Author Interview: Astra Crompton

Today’s interview is with Astra Crompton! Her answers are so much fun and I can’t wait to check out her novels when they’re available!

About Your Novel: 

I have many books on the go at any time, all at various stages of completeness. Presently I have 5 between first draft to the querying trenches. 

What’s the title (or tentative title) of your manuscript / novel? 

My current most complete WIPs are Briar & Thorn and Legend of the Quill. They both take place in the same world (Ul-Zaorith) but in very distant time periods.

What genre is your novel?

Both are fantasy, but B&T is a romance fantasy in a sort-of Renaissance setting; LotQ is an epic fantasy, and book 1 of The Prophet’s Tale trilogy.

Give us a quick synopsis and tell us what your book is all about!

B&T is a queer romance in the style of Jane Austen but for a modern audience. It follows Naeryn, a girl who is striving for a respectable household, but this requires learning how to love and be loved. 

LotQ is a subversive take on a hero’s quest, only the protagonist, Sasharr, is not your typical hero. He’s a budding prophet, better suited for advising than leading armies. Prophecy is a difficult and toxic gift, part deciphering and part chance. He must convince the monarchs of five disparate nations to band together to prevent their countries from being conquered by a powerful invader. 

What inspired you to write this book?

B&T was a result of me not enjoying modern romance stories, especially in YA. I wanted to read a story about gender and sexuality exploration that retained that old-timey feel. So, I decided to lump all of my favourite things into one book: bisexuality and gender exploration, magic nuns, letter writing, dashing knights, and a “saving the day moment” for our heroine.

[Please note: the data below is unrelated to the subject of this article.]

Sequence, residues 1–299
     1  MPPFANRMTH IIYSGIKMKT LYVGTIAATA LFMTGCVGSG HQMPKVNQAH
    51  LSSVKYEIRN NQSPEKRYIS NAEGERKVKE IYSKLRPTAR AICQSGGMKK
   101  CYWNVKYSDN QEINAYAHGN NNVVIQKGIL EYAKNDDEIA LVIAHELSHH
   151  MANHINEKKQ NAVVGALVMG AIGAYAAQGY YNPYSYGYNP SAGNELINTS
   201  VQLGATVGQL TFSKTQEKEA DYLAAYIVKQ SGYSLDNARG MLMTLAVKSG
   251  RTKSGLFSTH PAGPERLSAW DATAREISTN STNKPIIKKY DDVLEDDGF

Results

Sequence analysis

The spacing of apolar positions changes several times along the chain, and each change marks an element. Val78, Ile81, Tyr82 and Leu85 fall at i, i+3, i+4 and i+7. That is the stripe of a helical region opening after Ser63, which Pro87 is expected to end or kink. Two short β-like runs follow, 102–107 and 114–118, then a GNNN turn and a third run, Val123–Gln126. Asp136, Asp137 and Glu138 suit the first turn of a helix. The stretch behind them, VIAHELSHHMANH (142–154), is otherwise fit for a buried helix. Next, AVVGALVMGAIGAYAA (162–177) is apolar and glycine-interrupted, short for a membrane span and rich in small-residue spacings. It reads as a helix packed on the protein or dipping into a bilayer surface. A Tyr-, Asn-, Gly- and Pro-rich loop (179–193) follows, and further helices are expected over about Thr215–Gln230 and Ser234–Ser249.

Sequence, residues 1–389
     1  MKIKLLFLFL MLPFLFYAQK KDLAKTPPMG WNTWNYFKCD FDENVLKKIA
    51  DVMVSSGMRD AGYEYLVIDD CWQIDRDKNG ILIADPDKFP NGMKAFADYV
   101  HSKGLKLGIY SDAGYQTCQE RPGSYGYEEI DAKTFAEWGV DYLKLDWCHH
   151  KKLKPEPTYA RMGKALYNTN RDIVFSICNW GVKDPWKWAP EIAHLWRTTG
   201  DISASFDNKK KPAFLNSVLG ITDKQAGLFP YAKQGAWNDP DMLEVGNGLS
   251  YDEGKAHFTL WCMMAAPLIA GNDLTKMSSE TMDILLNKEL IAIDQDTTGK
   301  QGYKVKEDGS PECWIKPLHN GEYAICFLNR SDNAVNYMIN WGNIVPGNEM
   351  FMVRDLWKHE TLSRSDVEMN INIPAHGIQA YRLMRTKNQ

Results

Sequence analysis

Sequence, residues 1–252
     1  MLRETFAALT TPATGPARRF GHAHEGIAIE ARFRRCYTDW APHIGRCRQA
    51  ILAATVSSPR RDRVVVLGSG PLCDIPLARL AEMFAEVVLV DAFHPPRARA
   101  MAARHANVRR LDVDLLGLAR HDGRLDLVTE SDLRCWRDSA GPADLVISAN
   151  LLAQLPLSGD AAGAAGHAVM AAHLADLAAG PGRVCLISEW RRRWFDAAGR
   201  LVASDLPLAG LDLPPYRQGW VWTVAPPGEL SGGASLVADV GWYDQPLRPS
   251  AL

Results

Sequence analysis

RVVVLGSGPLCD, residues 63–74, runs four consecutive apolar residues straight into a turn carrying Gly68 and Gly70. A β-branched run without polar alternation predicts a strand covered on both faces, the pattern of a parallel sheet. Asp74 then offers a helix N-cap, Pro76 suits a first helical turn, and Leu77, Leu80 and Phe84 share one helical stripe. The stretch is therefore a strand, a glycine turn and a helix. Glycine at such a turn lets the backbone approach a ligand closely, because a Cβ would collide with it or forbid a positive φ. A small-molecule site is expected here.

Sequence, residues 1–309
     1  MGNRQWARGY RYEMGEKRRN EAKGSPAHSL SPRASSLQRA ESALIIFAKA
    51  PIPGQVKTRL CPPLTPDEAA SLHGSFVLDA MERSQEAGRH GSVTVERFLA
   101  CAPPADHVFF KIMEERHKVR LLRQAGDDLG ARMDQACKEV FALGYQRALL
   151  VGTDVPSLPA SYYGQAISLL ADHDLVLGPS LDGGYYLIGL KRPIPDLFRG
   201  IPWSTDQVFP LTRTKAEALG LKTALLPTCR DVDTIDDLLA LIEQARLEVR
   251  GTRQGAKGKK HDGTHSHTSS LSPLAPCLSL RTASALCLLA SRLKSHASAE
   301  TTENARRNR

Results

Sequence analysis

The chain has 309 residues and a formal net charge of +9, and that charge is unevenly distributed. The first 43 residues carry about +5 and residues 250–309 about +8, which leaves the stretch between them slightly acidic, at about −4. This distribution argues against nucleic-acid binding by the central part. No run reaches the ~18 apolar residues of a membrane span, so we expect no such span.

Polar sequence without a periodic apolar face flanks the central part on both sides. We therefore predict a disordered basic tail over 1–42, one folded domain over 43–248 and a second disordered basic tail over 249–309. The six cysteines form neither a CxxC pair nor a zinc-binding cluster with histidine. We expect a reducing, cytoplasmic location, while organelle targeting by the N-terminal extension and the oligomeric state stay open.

For LotQ, this was a story that I’ve been working on for nearly 20 years. It’s sort of the establishment for why the world is the way it is, but that string of events ended up filling two trilogies. The characters in it are famous people of Ul-Zaorith’s history, and sometimes have cameo mentions in my other books set in a more current day and age.

Quick — pitch your novel in ONE sentence!

Erg, these are the hardest thing!

B&T: There are lies we tell to hide our shame, and lies we tell to protect those we love, but neither are as damaging as the lies we live.

LotQ: To prevent the overthrow of his homeland, the Prophet must learn to read the weave of fate, defy both gods and demons, and resurrect the long-dead Great Mage. 

About Your Process:

Are you a plotter, pantser, or somewhere in between?

I used to be a strict pantser, but I get really distracted with exposition and worldbuilding when I write that way. Now, I work from a loose outline, with 3 to 5 points I need to hit per chapter, and that keeps me on track. It also limits the number drafts required to clean a manuscript up. So, likely a hybrid.

Where and when do you do most of your writing? 

I use Dabblewriter, so I can log-in and write from anywhere. It’s really helped my productivity, and I find I do consistent writing before work and/or on my lunch-breaks, and then a big chunk on my day off. I also make use of NaNo, and that usually allows me to pen an additional 80k to revise and clean up throughout the year.

When did you first realize, “I want to be a writer”? 

I had wanted to be a creative for all of my life, from being an “artist” when I was 5 to becoming a fashion designer around 12 years, and then a comic artist at 15, which allowed me to both write and draw. But it wasn’t until my early 20s that I refined my goals and realized that prose format storytelling was my deepest love, and the one I never burn out on. 

Do you remember the first story you ever wrote? Tell us about it!